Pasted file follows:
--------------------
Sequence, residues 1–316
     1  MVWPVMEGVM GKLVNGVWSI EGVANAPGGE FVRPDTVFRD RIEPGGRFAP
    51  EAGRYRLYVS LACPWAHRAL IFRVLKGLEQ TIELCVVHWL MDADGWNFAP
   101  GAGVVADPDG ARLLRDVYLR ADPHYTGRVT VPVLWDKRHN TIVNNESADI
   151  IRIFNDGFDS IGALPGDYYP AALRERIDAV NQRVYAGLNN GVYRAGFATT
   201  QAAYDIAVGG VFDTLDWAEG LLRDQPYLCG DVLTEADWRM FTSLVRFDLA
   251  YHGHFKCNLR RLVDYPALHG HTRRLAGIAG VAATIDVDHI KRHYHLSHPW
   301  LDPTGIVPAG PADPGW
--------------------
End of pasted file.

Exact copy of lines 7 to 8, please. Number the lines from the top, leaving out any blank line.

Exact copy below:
   251  YHGHFKCNLR RLVDYPALHG HTRRLAGIAG VAATIDVDHI KRHYHLSHPW
   301  LDPTGIVPAG PADPGW